The official Texas A&M greeting is, "Howdy." When it is observed that students are failing to greet fellow Aggies and visitors with sufficient howdies, an opinion piece is cobbled together by a yell leader and submitted to the Battalion, the A&M newspaper, imploring students to, "Get out the Howdy." As A&M is also an internationally recognized life-science and engineering university, it would not be considered unusual for a Hungarian Nobel Prize-winning professor to be heard greeting a Taiwanese or Chilean colleague in this manner. "Whoop!" is the Aggie vocalization of approval. Only juniors and above are allowed to utter it.
While both Bruins and Aggies have the concept of "Midnight Yell," the similarities end there. For Bruins of a certain age, it meant a collective primal scream during finals week, now punishable by a fine. In College Station, Midnight Yell is a combination pep rally and roast held the Friday night before a home game in Kyle Field or the Thursday night before an away game at the E. King Gill statue at the northeast corner of Kyle Field. Here, Aggies practice hand-sign identification and the yells themselves for the upcoming game. The yell leaders also regale the assembled with fables that question the sanity and good judgment of the opposing team's adherents. Then the lights go out. That is when Aggies kiss their dates.
The mascot of Texas A&M is Reveille IX, a collie. She lives with the cadets and is the highest-ranking cadet, outranking even the corps commander. She attends classes with her cadet handler. If Reveille barks in class, tradition has it that the class must be dismissed.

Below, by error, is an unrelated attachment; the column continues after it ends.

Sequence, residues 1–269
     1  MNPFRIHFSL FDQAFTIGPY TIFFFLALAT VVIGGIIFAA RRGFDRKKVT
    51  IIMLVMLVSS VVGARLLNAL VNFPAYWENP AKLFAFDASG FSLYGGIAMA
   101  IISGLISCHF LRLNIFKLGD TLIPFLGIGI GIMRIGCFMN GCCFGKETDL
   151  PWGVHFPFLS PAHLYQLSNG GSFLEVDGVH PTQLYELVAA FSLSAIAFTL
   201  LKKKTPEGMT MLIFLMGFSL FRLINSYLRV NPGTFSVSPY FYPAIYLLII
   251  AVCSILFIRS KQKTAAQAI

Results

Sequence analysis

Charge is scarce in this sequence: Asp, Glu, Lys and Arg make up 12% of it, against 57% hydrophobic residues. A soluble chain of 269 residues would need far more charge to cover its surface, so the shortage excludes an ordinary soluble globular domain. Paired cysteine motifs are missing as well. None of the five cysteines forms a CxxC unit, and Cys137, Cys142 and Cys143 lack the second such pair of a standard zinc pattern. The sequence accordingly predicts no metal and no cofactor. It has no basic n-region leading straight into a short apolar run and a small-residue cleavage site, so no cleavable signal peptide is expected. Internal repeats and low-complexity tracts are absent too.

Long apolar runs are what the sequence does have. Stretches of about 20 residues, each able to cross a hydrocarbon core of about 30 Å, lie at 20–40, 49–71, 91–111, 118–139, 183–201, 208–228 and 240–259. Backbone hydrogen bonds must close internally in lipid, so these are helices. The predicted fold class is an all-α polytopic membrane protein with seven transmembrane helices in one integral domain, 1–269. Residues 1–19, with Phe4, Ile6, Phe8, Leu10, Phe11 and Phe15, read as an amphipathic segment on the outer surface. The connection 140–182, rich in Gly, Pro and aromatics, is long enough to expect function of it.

When Texas A&M Scores
Tradition calls for Aggies to kiss their dates when A&M puts points on the board. In the 59-0 blowout of the Aggies by the Crimson Tide in 2014, Cupid was kept at bay – also kept at bay was any semblance of an A&M defense.
The University of Texas, A&M’s historic in-state rival, is known in Aggie parlance as "t.u." (always spelled in lowercase letters). Aggies refer to its students as "tea-sips," suggesting derisively that the latter would rather engage in polite discourse than roll up their sleeves and do the work necessary to propel the state of Texas to greatness. The Aggies first played the University of Texas on the gridiron in 1894 in Austin. They haven’t played them since their final game in the Big 12 in November 2011 when the Longhorns beat A&M, 27-25, on a game-winning field goal as the clock ran out. This still smarts in College Station.
‘War Hymn,’ Not ‘Fight Song’
The "Aggie War Hymn" is never referred to as a "fight song." And it is always followed by "Saw Varsity’s Horns Off." In the latter’s lyrics, the protagonist exhorts Aggies to saw the horns off Varsity, the Austin school’s former bovine mascot (the current Longhorn mascot is Bevo). Aggies, along with no small number of confused fans of opposing teams, stand shoulder to shoulder, legs interlocked, going through a united swaying motion, representing the sawing off of the horns. This is the vertigo-inducing motion that brings about a general sense of nausea to any player unlucky enough to be gazing into the stands.
There are other Aggie traditions with names like the 12th Man, Bonfire, Silver Taps, Aggie Muster and Elephant Walk, but Bruins need not concern themselves with these as the ball is kicked off on September 3 at 2:30 p.m Central (12:30 p.m. Pacific).